It is a philosophical question that has no doubt been exercising many of the Arsenal fans for some time. Indeed, it is possible to put a date on it. Oddly, the most serious manifestation came just a few months before Arsenal's last trophy win, an uncharacteristic, pragmatic victory over Manchester United in the FA Cup final. Arsenal were knocked out of the Champions League by Bayern Munich and the call-in shows reverberated with cries that the Wenger caravan had rolled to a halt.
It was ridiculous then and it is ridiculous now. Back in 2005 Arsenal were a year away from the hard-run Champions League final against Barcelona, when the dismissal of the eccentric Jens Lehmann in the 18th minute tipped the balance so heavily in favour of a team that would soon be challenging for the title as one of the best Europe had ever seen.
Here we had a devastating example of the fine line walked by a man like Wenger dreaming such extravagant dreams. In the semi-final against Villarreal, Lehmann was a giant of defiance, preserving Arsenal's life with an 89th-minute save. In Paris he was Arsenal's fault line and it was also true that Thierry Henry, arguably the greatest of all of Wenger's inventions, failed to pull the trigger on the chance that he might have been expected to convert in his sleep.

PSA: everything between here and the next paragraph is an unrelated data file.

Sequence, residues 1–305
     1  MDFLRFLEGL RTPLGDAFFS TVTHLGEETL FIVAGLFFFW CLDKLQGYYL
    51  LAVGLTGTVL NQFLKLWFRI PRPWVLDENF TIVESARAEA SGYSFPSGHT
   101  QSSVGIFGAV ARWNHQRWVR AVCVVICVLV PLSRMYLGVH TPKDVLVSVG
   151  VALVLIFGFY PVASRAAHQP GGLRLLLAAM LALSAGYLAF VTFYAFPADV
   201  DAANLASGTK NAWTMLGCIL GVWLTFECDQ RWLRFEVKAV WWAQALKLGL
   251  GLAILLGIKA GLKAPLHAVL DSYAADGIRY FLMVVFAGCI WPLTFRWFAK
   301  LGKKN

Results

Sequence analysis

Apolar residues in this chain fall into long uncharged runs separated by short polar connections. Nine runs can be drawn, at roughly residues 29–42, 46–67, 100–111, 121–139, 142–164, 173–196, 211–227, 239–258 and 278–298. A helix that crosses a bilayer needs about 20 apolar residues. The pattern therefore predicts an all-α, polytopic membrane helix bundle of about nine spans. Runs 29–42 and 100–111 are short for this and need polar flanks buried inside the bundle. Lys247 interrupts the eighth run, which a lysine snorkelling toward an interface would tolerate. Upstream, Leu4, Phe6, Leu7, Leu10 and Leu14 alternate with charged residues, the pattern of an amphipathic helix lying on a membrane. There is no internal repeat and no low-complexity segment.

The acid test for Wenger now lies in the question that is most properly applied to any man of outstanding achievement and the highest ambition. Did Arsenal regress this last season, did they provide irrefutable evidence, as Liverpool did on so many crucial occasions, that they no longer had either the unity or the panache which once made them what they were? That is hardly the case. Barcelona were awesome in the first half at the Emirates, would have been too much for any team in Europe in the vein they occupied for 20 minutes which might have brought them at least three goals, and in the second leg Lionel Messi was rampant against an injury-shattered Arsenal. This was defeat, Wenger admitted, by a team of superior class, but it wasn't quite the undressing it might have been in the absence of Fabregas.
Similarly, defeat at White Lane this week was less than a bonfire of legitimate hope produced by a season in which only United and Chelsea established a clear competitive edge. Tottenham's half-time lead was something of a travesty, Arsenal having played some extremely cohesive football, and in the second half the arrival of Van Persie established a much stronger threat.
All history now, it's true, but any inquest conducted on Arsène Wenger and his team needs to be informed by the old truth that if you don't understand what happened yesterday you will not have much clue about tomorrow.
One line in the epilogue is surely beyond doubt. It is that Arsenal without Wenger would not only be a grievous mistake. It would also be like a meal without wine, a day without sunshine. A wise Arsenal surely waits a little longer for the banquet.Reuse content